One-shot learning for the long term: consolidation with an artificial hippocampal algorithm

We were really excited to present a couple of papers recently at IJCNN, the International Joint Conference on Neural Networks.

One of those papers was an extension to the work that we previously published on AHA, Artificial Hippocampal Algorithm based on Complementary Learning Systems by O’Reilly and McClelland (see that paper summary blog post here).

In the original paper, we demonstrated how AHA can learn rapidly, but its a short term memory and it forgets rapidly as well.

Here, we showed how it can be used to transfer memories to a long term memory that learns statistics from many samples (like a conventional ML model, and analogous to Neocortex).

A very high level summary is given below with a copy of a recent Twitter thread on the topic.



“One-shot learning for the long term: consolidation with an Artificial Hippocampal Algorithm, AHA”

We were really excited to present our work recently at #IJCNN

See the thread below for Cognitive Science and ML implications.



We took a conventional supervised learning model,

augmented it with a complementary hippocampal component (AHA)


The system re-uses learnt concept-primitives to one-shot learn new classes.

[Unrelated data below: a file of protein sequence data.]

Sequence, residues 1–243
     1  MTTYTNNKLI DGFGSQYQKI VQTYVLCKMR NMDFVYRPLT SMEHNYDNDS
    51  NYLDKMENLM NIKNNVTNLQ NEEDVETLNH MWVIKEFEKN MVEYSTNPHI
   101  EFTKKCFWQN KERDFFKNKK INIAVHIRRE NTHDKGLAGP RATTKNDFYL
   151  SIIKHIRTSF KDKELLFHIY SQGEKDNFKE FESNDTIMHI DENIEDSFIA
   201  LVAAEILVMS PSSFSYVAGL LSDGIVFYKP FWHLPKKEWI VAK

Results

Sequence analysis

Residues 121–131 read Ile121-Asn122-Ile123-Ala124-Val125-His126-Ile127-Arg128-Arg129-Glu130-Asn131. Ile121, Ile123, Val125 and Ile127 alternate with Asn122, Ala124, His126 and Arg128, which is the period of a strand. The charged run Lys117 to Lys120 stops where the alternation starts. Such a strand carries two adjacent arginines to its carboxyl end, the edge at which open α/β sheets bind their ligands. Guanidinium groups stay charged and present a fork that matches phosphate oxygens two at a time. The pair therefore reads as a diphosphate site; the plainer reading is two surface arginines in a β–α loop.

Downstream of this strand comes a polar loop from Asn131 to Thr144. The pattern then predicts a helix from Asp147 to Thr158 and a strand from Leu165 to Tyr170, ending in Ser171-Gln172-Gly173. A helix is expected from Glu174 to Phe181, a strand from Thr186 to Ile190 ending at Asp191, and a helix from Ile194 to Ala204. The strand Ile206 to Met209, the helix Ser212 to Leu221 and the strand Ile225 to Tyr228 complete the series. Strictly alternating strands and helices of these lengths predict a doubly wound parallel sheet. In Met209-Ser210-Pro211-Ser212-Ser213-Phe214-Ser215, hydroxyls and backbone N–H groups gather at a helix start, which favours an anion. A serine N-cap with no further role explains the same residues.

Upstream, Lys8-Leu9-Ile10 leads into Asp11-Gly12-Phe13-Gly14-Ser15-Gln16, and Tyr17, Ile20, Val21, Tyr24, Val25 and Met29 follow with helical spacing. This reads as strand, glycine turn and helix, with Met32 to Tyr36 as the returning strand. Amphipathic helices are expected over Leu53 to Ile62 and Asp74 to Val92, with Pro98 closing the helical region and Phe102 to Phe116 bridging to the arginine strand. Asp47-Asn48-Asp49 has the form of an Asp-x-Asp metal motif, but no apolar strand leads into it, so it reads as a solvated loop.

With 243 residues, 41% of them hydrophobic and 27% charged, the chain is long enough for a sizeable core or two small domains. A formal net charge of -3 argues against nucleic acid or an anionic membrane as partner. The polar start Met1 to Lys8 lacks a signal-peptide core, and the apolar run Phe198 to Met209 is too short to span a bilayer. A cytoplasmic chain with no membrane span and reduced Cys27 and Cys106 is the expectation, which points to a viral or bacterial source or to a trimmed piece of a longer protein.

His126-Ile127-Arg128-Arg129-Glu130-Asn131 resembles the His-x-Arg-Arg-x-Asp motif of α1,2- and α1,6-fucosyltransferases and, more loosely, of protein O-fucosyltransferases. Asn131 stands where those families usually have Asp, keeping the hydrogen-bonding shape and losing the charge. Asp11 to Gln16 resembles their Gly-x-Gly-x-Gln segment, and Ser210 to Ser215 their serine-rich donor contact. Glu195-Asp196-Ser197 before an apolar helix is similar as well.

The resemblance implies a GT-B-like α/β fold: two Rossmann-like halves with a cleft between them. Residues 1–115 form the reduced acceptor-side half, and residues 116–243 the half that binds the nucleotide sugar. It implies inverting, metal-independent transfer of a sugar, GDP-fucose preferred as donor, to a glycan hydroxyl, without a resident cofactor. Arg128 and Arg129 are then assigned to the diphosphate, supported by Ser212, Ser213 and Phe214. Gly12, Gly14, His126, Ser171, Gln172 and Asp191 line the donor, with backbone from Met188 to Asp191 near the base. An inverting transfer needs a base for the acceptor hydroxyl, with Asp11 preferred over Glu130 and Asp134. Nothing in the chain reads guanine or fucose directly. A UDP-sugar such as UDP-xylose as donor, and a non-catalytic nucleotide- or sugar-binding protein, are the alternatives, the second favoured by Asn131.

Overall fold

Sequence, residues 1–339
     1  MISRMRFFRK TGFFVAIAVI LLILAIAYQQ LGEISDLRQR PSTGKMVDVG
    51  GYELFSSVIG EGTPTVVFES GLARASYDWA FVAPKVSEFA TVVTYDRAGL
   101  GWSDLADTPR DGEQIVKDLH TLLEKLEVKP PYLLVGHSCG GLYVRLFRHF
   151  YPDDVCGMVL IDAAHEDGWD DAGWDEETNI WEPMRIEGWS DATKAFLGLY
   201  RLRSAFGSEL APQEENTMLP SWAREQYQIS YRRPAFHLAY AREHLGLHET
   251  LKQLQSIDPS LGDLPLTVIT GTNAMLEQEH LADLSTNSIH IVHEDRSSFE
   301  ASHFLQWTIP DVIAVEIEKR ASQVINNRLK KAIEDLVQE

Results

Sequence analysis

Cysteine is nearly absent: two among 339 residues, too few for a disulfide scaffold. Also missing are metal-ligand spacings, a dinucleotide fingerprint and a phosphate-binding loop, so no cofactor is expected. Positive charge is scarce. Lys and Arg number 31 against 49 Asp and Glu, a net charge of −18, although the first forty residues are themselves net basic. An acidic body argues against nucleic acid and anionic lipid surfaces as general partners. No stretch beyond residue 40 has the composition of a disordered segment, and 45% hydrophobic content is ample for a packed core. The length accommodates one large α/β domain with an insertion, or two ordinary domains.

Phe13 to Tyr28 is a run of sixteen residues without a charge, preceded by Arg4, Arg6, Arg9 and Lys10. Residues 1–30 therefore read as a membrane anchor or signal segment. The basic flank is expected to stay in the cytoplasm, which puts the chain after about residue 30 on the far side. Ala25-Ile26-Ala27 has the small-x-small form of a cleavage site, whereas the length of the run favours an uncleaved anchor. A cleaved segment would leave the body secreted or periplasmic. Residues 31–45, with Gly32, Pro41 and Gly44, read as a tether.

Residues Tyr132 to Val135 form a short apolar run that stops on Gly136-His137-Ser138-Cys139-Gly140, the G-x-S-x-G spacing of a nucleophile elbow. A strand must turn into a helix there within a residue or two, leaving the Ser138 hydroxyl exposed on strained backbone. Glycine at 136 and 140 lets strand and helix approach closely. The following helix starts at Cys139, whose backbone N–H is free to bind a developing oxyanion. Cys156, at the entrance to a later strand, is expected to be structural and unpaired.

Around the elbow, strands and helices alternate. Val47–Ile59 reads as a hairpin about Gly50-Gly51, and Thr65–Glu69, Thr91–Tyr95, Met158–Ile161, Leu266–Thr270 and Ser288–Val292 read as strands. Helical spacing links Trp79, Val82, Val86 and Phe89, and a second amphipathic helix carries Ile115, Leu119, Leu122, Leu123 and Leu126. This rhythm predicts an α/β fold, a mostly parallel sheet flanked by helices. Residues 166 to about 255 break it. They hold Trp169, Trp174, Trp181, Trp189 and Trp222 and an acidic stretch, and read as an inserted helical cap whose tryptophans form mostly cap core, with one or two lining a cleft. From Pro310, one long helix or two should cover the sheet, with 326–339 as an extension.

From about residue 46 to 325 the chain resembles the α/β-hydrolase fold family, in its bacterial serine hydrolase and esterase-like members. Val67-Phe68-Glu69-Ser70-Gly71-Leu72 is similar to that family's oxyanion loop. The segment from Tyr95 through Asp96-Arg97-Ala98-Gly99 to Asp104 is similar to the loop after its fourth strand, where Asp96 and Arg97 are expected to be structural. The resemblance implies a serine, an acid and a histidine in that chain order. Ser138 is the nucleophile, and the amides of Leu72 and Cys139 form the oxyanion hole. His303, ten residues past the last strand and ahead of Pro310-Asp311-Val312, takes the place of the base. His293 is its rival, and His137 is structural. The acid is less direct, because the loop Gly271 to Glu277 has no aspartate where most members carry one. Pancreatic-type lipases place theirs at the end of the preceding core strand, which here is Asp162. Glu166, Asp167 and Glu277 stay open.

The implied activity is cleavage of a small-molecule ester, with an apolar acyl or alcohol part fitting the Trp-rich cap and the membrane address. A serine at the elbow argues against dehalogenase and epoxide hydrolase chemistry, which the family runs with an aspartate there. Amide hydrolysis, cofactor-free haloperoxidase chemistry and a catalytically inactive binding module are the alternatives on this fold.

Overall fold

AHA is a short term memory that learns from 1 example

a) In the short term, memories are recalled, improving inference

b) Spontaneous ‘replay’ consolidates knowledge for the long term

—> New knowledge is transferred

—> There is no catastrophic forgetting



Traditionally in ML, one-shot learning is ephemeral. 

A model learns to match exemplars of novel classes.

When it does this matching, there is no permanent weight adaptation, and no knowledge is retained for later cognition/inference.

Here we showed learning for the long term.



AHA is based on CLS (Complementary Learning Systems by McClellan and O’Reilly). To our knowledge, CLS has not previously been used for consolidation as described in the original theory.



This is a modest step toward continual few shot learning using hippocampal style replay, which we’re working on at the moment.